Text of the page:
Dynamic Chiropractic – May 6, 2011, Vol. 29, Issue 10

The Exploitation of the American Medical Patient

By Donald M. Petersen Jr., BS, HCD(hc), FICC(h), Publisher

"Clinical practice guidelines play an enormously important role in society and the practice of medicine. Individual physicians use CPGs to determine which diagnostic tests and therapeutic strategies are most appropriate for their patients.

Government and third-party payers use CPGs to determine which procedures and drugs should receive reimbursement. Hospitals and clinics use these CPGs to decide when innovative, but expensive, therapies are sufficiently mature to warrant a major investment. Increasingly, government, the public and the media use CPGs as a benchmark to gauge the quality of medical practice for both hospitals and individual physicians."1

As the above suggests, clinical practice guidelines pretty much dictate what is prescribed and what is paid for in this country, if not the world. It's easy to see how these can play an important role in the profitability of various drugs, devices and other medical products. The above is the beginning paragraph of a commentary recently published in the Archives of Internal Medicine. The commentary was in response to a study, published in the same issue of the Archives, titled "Conflicts of Interest in Cardiovascular Clinical Practice Guidelines."2

The study "examined the 17 most recent American College of Cardiology / American Heart Association guidelines through 2008." Considering the amount of money at stake, the authors' findings should not be much of a surprise, yet they are surely significant:

  • Of the 498 individuals involved in the development of these clinical guidelines, 56 percent had some level of admitted conflict of interest.
  • Four hundred seventy-eight companies were identified as being involved in the conflicts of interest admitted by the individuals who developed the 17 guidelines.
  • An average of 38 companies were identified as involved with conflicts of interest for each guideline, with a high of 242 companies for one guideline.

The implications of this data are obvious. Almost 500 companies "invested" money to potentially influence 279 of the 498 "trusted" individuals who developed the 17 guidelines that will ultimately be used to decide which drugs and devices get prescribed by MDs and paid for by third-party payers. It begs the obvious question: Are these and other guidelines based on sound data or are they merely a reflection of the biases and special interests of those who create them?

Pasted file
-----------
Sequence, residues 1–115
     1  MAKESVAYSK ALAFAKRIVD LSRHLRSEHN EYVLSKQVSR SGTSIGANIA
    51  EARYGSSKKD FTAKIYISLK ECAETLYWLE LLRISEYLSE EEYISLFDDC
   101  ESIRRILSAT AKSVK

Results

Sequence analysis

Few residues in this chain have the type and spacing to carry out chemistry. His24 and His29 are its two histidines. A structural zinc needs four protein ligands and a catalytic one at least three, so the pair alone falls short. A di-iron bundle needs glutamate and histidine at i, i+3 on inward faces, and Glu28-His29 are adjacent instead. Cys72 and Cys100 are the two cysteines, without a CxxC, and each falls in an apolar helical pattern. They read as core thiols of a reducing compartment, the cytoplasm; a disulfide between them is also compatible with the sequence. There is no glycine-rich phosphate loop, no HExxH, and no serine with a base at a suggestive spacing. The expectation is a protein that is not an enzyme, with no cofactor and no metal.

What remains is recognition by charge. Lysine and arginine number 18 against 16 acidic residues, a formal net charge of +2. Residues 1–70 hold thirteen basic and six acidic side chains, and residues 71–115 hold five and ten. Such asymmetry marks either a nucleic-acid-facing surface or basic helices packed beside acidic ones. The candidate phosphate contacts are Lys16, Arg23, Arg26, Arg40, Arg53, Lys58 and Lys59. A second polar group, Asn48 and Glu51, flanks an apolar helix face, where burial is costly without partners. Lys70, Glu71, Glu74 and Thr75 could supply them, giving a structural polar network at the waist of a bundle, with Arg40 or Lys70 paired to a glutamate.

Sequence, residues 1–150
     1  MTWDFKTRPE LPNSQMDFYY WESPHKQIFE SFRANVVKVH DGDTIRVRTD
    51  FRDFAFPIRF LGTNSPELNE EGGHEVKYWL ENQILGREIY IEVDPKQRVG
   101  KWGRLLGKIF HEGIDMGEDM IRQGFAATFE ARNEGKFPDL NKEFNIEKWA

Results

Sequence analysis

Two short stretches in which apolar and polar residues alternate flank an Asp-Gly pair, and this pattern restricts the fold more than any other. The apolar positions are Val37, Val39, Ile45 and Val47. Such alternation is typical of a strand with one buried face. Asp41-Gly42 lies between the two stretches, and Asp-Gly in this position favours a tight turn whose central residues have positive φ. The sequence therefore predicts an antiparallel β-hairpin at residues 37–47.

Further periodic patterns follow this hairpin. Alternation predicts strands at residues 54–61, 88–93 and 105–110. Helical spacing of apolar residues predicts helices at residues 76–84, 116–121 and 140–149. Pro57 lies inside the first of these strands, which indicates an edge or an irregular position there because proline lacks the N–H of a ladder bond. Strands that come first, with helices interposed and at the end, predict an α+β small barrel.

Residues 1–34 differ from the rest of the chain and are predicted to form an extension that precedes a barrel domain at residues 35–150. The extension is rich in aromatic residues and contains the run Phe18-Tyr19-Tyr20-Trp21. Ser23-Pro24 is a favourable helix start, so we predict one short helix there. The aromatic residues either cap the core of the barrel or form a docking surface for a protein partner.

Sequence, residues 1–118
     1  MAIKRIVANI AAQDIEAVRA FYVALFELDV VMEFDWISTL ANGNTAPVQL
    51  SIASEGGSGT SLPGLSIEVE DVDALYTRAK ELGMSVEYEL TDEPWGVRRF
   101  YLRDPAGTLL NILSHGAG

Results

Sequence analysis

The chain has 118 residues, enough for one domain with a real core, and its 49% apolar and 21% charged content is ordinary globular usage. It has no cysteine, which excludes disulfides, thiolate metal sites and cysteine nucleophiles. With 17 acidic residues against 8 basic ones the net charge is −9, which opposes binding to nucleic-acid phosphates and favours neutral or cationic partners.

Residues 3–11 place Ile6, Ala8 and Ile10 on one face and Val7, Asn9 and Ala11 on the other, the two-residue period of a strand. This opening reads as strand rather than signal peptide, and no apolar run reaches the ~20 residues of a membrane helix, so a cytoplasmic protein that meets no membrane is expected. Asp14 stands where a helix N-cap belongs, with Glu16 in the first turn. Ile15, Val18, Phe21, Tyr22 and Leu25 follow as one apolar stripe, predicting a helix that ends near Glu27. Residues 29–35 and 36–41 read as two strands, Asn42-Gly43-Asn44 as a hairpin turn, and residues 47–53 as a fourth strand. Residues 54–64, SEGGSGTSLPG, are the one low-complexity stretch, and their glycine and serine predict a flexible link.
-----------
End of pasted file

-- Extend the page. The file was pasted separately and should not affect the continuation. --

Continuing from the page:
The most important part of this study is that it was conducted in the first place. Hats off to Dr. Mendelson, et al., for having the courage to shine their bright light. The other great news is that it did not go unnoticed. An article about this study was published prominently in the March 28, 2011 issue of The Wall Street Journal.3 Similar articles were published in (and/or on the Web sites of) The New York Times, the Boston Globe, TIME magazine, BusinessWeek, the Minneapolis Star Tribune and multiple health care-related publications.

The secret to solving the health care crisis is beginning to be unveiled. It's not about managing care as the public was led to believe 20 years ago. It's about managing greed.

The challenge is not how to lower the cost of health care to include every person. The challenge is to eradicate the profit influence and let the actual data dictate what should be prescribed.

I think (and hope) we can expect more of these studies and articles in the future. The truth eventually comes out, no matter how much money tries to hide it. Perhaps the truth will one day set us all free from the shackles of Big Pharma and allow more American medical patients to become American chiropractic (and alternative health) patients.


  1. Nissen SE. "Can We Trust Cardiovascular Practice Guidelines?" Comment on "Conflicts of Interest in Cardiovascular Clinical Practice Guidelines." Arch Intern Med, March 28, 2011;171(6):584-5.
  2. Mendelson TB, Meltzer M, Campbell EG, Caplan AL, Kirkpatrick JN. Conflicts of interest in cardiovascular clinical practice guidelines. Arch Intern Med, March 28, 2011;28;171(6):577-84. www.ncbi.nlm.nih.gov/pubmed/21444849
  3. Burton TM. "Study Cites Cardiology Conflicts." The Wall Street Journal, March 28, 2011.

Read more findings on my blog: http://blog.toyourhealth.com/wrblog/. You can also visit me on Facebook.

Click here for more information about Donald M. Petersen Jr., BS, HCD(hc), FICC(h), Publisher.


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